Some freelancers say they compromise with after-hours work by taking time off during the day. You may run into clients who need 24/7 support. Steer away from such a set-up by asking questions and understanding their expectations. “Not everyone needs to set these boundaries for themselves and not every business model allows them. However, I have found that I am far more productive if I have a clear distinction between my office hours and the time I spend with my family,” says Laura Sultan.

How do you manage after-hours work?

Photo by stock.xchng user Hans Thoursie.

16 Responses to “How to Stop Clients from Invading Your After-Hours Time”

  1. Im a esthetician and I work Friday, sat, sun and Monday. My off time is tues-thursday. I have things I do outside of work not including family time and My clients are texting me and I used to respond through text back. Im getting a seperate phone line to seperate my proffesional and personal. my clients are invading my personal time and making me crazy. though it’s an odd schedule I need help on how to let callers know through voicemail that I am unavailable to respond after 6 pm on my weekdays only, and wont take calls tues-thurs. I will return call during my working hours to return phone calls between the hours of 10am-6pm friday through monday. It could be quite confusing. Any advice on how I can set my boundries. I am starting to resent people who think I am available 24/7…it rude to text me or contact me outside of business hors. They know it’s my personal cell as well. I cant get away from work…..Thank you so much….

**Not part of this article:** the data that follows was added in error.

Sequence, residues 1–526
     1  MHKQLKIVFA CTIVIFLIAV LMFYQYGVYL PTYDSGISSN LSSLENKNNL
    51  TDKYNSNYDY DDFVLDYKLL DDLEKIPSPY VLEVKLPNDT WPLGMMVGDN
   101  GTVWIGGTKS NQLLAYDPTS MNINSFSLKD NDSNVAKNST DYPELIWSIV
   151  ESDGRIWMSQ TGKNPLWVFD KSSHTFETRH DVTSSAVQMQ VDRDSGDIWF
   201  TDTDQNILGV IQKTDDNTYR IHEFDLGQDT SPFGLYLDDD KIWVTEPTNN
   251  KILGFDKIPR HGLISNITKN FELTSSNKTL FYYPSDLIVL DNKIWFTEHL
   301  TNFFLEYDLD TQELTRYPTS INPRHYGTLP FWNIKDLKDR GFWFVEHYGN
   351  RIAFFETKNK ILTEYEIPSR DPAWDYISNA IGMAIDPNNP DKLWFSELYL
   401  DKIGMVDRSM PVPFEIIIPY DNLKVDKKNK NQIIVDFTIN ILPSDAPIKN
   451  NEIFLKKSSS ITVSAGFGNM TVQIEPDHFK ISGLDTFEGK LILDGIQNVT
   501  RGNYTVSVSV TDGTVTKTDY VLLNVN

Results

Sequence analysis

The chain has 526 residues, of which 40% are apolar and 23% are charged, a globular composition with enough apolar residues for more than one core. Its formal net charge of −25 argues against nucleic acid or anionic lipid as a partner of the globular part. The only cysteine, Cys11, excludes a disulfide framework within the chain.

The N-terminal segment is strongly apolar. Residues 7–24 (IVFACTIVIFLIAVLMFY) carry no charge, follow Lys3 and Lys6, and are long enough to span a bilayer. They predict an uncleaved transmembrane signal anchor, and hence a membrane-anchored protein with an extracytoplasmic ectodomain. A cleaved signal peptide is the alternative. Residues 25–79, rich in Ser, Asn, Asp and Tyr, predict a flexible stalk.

2. Good points, Meryl. When I was starting out in freelancing, I find it hard to just say NO, specially when its the ‘client invasion’ time comes. I thought I have to be there whenever they need me. I learned my lesson well and I’d say being clear about my work time in the first place have worked.